As the Dutch Election results poured in, liberals cheered as the controversial far-right candidate, Geert Wilders, was forced into second place. Many have since regarded that the brief frenzy of populism that took hold in 2016, is surely coming to an end.
They are wrong.
While Wilders was unable to win the election, his party, the PVV, did make substantial gains and are now the largest party in the House of Representatives. Considering the party was founded less than two decades ago, the significance of this achievement cannot be understated.
It is firstly worth remembering that the Dutch are a naturally liberal people. The Amsterdam culture sweeps much of the country, so a far-right populist leader is unlikely to be as popular as Nigel Farage in the UK.
But it would be deeply simplistic to suggest that because on this occasion, populism ran out in second place, that the movement flowing through European politics is at an end. The sentiment of anti-immigration rhetoric of Wilders’s campaign forced Prime Minister Mark Rutte to shift his policy towards the right. Furthermore, the eurosceptic fire that Wilders has stoked will continue to burn.
As the EU continues in crisis, is the possibility of ‘Nexit’ on the cards? Personally, I prefer ‘Netherend’.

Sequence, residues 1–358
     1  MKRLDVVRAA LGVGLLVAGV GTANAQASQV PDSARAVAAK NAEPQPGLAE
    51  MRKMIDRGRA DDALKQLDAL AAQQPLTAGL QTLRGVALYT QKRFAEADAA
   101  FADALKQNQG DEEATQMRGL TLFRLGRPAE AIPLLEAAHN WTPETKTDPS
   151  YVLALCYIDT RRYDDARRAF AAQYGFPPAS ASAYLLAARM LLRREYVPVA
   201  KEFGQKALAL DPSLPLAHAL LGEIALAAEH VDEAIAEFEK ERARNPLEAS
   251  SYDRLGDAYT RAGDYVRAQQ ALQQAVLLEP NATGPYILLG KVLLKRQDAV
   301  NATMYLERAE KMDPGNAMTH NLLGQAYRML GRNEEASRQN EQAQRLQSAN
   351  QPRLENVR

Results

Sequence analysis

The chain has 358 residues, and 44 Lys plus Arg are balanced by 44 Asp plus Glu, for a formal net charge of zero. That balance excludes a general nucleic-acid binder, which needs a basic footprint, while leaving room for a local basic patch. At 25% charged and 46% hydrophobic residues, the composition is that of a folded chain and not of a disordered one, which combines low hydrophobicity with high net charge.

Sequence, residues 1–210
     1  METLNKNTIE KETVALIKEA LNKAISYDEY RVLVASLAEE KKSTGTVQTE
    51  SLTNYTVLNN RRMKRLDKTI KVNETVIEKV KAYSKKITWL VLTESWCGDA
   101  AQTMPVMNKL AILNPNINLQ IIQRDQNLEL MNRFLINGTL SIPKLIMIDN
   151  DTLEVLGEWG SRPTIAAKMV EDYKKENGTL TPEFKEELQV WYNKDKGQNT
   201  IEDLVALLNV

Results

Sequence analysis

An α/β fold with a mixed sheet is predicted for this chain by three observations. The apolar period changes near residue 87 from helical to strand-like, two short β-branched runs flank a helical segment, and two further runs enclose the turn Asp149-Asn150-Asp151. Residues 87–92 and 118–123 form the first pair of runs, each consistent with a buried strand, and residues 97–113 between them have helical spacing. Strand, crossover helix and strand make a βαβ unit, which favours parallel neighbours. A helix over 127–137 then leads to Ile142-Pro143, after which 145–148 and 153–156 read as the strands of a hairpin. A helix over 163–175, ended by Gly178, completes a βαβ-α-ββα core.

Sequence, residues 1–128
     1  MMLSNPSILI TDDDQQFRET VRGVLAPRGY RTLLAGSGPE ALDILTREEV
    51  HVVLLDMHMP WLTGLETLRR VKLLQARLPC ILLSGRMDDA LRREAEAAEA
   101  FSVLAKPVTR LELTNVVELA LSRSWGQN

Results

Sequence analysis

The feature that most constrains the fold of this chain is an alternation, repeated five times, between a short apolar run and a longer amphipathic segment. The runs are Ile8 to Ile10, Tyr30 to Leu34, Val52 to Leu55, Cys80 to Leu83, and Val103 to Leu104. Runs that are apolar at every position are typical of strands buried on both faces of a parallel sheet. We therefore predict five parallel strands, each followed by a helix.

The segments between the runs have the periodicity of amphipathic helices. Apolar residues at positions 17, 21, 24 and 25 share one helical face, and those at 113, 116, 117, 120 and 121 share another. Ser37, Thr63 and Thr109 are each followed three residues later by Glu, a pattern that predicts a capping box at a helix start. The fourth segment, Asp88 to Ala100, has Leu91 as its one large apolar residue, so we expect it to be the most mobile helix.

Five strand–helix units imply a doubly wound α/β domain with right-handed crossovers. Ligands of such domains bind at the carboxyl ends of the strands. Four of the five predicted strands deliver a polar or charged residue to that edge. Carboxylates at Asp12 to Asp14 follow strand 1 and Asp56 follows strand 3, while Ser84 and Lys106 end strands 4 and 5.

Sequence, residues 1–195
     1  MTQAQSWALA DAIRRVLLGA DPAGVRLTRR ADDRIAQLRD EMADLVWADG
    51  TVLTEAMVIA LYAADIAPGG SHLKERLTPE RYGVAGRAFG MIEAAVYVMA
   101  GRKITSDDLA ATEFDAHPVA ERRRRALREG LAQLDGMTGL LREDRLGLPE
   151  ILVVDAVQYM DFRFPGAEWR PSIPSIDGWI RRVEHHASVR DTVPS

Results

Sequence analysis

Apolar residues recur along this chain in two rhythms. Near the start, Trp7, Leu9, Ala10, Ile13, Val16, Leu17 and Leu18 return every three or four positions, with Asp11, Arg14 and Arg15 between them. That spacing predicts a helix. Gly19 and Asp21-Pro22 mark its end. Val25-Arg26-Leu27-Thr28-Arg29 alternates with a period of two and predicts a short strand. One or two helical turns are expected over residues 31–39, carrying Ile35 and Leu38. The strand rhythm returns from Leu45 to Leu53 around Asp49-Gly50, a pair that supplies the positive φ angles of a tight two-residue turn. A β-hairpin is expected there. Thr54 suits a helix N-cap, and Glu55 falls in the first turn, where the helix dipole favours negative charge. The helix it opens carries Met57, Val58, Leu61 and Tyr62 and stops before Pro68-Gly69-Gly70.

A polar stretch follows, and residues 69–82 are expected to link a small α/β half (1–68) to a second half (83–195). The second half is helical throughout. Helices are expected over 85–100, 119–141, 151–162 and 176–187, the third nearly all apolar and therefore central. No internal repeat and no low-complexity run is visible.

As the French and German elections draw closer, there is still much to play for as far as the populists are concerned. Although her poll numbers are stagnant, Marine Le Pen still has the chance at the French Presidency.
If she were to win, a stanchly anti-european politician, the possibility of a French exit from the EU, at the least from the Eurozone, could become a reality. Even if she only makes it to the run off, likely facing off to Emmanuel Macron, the fact that a far-right candidate has reached that stage demonstrates the transformation of the European political conversation.
Those who still believe that voting for populism is merely a ‘protest’ are misunderstanding the electorate. Of course, it is a rejection against the status quo, especially the left-wing culture that has governed much of Europe, but the idea of the populist vote extends beyond this.
There is a genuine belief among some voters that these ideas, such as Marine Le Pen’s Hijab Ban, or even Trump’s travel restrictions, are the correct policies going forward. If the wave of populism is to die, Europe’s politicians must awaken from their trance. They have sleepwalked through governing over the last decade, the electorate are giving a noisy awakening.
As the European Union prepares for the year that could determine its survival, one is reminded of an infamous quote from war time.
“It’ll all be over by Christmas.”